When a plane departs an airport, its first movement will be to push back from the gate. To do so, an aircraft will generally use a small but powerful ‘tug’ truck to reverse it away from the terminal building. But why don’t airlines save on the cost and use the reverse thrust of an aircraft’s powerful jet engines to push back?

What is reverse thrust?

During landing, an aircraft’s engines can be set to reverse thrust mode. This helps to slow it down by acting against the aircraft’s forward travel. To explain the process on a basic level, air is ‘sucked’ into the engines, but then instead of moving to the rear, it is ejected through new openings in the aircraft’s side that ‘reverse’ the movement.

Some aircraft, including the Douglas DC-8 could use this functionality at any time. However, for modern aircraft, its use inflight is prohibited.

Airbus A380 in Sydney

Photo: Getty Images

The horrific consequence of reverse thrust deployment in the air was seen in 1991. Lauda Air Flight 004 was a regularly scheduled flight from Bangkok-Don Muang International Airport (DMK) to Vienna-Schwechat International Airport (VIE) in Austria. On May 26, 1991, the Boeing 767 aircraft took off from Bangkok at 23:02 local time for the ten-hour journey.

Five minutes after takeoff, the pilots received a visual warning light indicating that a possible system failure could cause the thrust reverser on the plane’s number one engine to activate. A few minutes after that the number one engine reverser deployed, sending the aircraft into a steep left dive, killing all 233 passengers and crew onboard.

Reverse thrust can only be used to help slow an aircraft down on the runway after landing. But can this mechanism be used to reverse an aircraft from a stationary position? And, if so, why do airlines use a tug to push back? A tug requires an operator, time to connect to the plane, and is another item that can break down. Furthermore, it also makes parking at terminal gates (rather than remote stands) more expensive.

Boeing 737-300 being pushed-back by a tug at dusk

Photo: Getty Images

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Historical examples of self-powered pushbacks

As seen in the video below, pushing back using reverse thrust has been done before. In the 1970s and ’80s, some aircraft were allowed to perform a ‘power back’ on departure. This practice even continued into the 21st century, with carriers such as Air Tran, American, Northwest reportedly doing so as recently as 2006.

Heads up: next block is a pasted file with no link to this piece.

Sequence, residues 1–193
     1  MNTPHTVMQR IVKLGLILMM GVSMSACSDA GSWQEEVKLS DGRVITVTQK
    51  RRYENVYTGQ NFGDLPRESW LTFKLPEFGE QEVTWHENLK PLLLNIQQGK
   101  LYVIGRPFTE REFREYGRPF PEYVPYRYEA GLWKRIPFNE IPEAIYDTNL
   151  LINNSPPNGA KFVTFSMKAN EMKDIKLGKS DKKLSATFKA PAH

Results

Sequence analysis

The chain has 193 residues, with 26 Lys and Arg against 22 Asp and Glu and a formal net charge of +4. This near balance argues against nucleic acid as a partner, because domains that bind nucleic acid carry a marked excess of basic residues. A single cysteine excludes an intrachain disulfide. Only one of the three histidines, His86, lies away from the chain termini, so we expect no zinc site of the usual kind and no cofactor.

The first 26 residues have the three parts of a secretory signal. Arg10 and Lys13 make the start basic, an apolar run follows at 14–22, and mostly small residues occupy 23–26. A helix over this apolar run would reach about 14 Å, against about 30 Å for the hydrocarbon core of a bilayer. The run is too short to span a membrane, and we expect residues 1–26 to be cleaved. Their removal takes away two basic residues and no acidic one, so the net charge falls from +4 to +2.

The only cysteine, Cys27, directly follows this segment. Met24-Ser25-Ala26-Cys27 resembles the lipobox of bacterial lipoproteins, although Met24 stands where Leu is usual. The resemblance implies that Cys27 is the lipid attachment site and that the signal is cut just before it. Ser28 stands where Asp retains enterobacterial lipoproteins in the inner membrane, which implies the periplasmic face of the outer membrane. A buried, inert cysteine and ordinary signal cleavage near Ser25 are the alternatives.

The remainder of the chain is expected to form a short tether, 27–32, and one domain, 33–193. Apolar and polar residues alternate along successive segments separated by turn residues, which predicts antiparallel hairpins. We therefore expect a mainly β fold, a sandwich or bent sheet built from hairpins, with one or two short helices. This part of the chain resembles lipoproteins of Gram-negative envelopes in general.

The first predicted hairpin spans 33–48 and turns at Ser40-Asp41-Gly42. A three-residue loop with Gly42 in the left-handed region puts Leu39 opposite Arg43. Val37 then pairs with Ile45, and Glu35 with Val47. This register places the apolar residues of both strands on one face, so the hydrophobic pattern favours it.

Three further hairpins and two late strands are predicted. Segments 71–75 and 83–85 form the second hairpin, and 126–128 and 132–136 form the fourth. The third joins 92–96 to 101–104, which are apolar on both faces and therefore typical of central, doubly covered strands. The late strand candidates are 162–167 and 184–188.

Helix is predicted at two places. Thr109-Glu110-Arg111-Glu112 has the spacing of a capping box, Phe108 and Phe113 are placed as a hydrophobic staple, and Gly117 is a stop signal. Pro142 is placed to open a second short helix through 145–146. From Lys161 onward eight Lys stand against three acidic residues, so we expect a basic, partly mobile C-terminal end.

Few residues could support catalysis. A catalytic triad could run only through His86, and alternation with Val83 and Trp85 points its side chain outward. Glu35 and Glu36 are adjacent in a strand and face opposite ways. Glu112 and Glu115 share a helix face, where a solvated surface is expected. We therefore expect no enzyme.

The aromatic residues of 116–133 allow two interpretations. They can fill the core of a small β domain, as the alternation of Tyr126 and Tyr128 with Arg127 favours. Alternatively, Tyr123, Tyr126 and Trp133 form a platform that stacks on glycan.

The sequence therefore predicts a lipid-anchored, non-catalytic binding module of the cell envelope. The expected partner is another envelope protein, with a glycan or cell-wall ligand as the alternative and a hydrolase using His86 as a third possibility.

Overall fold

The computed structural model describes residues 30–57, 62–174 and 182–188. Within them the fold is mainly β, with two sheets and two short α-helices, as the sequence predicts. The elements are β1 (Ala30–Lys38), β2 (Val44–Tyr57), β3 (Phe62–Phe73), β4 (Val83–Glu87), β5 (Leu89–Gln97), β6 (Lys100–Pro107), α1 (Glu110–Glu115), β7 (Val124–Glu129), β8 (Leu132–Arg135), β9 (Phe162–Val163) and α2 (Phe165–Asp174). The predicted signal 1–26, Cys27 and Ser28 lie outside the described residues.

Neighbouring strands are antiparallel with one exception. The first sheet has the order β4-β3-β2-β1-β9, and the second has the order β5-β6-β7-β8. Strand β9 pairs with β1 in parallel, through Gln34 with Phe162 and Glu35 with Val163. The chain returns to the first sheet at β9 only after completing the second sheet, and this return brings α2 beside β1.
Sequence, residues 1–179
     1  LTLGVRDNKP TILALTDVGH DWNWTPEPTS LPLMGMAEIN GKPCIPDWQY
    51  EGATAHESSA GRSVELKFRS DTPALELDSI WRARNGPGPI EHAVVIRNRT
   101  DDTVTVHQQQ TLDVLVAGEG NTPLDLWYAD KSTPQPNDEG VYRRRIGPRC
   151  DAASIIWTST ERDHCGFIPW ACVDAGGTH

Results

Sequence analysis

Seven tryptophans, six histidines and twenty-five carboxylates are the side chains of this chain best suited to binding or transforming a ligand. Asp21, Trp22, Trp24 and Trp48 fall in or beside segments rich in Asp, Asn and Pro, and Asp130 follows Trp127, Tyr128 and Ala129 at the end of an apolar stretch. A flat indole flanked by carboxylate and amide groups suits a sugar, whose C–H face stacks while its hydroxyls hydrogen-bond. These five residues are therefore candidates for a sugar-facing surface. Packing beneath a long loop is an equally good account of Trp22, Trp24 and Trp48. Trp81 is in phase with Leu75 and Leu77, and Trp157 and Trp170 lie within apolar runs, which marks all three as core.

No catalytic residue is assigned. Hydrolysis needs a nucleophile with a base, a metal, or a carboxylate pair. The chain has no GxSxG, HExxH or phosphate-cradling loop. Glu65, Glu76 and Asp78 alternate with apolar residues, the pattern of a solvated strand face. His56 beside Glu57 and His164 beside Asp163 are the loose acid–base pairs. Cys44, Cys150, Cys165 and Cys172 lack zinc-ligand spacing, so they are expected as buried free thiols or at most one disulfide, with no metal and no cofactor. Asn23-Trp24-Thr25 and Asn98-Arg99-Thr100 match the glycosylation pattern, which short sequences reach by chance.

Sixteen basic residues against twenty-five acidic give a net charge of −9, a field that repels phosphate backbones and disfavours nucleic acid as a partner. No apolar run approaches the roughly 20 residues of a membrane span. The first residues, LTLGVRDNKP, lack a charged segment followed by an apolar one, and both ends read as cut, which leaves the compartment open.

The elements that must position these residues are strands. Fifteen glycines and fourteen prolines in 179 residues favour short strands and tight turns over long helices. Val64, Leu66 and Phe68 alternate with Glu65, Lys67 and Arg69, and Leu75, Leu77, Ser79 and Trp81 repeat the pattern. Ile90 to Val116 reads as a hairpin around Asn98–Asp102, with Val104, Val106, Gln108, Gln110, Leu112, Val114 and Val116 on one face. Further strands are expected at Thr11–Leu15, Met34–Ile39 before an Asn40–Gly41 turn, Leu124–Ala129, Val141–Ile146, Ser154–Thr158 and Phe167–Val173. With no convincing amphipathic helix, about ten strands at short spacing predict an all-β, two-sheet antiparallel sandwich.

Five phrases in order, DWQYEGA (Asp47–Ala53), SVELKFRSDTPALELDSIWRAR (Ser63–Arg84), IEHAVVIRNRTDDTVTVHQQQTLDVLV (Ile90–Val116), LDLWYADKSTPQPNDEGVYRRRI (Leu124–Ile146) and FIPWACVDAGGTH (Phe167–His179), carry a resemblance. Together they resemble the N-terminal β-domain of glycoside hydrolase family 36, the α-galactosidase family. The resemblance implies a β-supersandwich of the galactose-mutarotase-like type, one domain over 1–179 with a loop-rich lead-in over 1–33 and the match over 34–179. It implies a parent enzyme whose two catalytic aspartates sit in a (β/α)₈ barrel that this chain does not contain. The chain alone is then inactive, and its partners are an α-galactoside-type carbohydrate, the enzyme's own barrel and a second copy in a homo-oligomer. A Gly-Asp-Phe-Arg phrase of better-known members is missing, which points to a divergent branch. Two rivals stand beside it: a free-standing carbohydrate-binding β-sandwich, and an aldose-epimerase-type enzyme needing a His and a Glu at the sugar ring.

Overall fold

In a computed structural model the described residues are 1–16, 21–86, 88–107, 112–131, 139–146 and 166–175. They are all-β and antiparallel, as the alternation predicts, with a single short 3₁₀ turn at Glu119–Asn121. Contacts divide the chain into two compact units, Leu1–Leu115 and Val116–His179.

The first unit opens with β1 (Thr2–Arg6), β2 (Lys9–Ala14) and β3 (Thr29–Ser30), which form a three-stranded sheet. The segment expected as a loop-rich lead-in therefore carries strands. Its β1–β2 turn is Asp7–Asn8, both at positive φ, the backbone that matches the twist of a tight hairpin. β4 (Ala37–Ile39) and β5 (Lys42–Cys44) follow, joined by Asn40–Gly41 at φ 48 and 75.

The video depicts an aircraft from the McDonnell Douglas MD-80 family with tail-mounted engines. While reverse thrust pushbacks predominantly involved these aircraft, this practice was not out of bounds for aircraft with wing-mounted engines. Carriers such as American and Eastern Air Lines are said to have also practiced power backs with Boeing 737, 757, and Lockheed L-1011 aircraft.

Reasons not to use reverse thrust at the gate

There are several reasons why using reverse thrust at the gate is not optimal for pushing back. As such, many aircraft today are banned from doing so. While it is technically possible for aircraft to do so, there are many things that can go wrong with this practice.

Air Canada plane in retro livery parked at gate at Montreal airport

Photo: Getty Images

For example, the air blast around the aircraft can stir debris that may cause damage. This could affect the gate itself, other ground vehicles and aircraft, or anyone, unfortunately, standing near the plane. The ground crew would need to clear the area before the engines are activated, and this might not save any time compared to using a tug.

There is also the consideration of items being ‘sucked’ into the engine themselves. As the engine spins with increasing power, it creates a vortex. This could pull items such as tools into the expensive engines.

The power back operation also uses a lot of fuel and is very loud. Today, noise pollution is becoming an increasingly controversial factor of airport operations. Therefore, it is understandable that stakeholders wish to avoid this practice.

Finally, pilots in the aircraft can’t see behind them, as aircraft do not have rearview mirrors like cars. As such, they would need a spotter on the ground anyway. This would negate the point of doing a movement without any help.

Simply put, it is too risky for the airport, the ground crew, and the aircraft to deploy reverse thrust that close to the terminal building. The upside is a few minutes and dollars saved, but the downside could be millions in damage and a grounded aircraft. As such, the small but mighty workhorses of an airport’s tug fleet will continue to push aircraft back for the time being.

Were you surprised that some planes could use reverse thrust to push back? Please share in the comment section below.

Source: simpleflying.com

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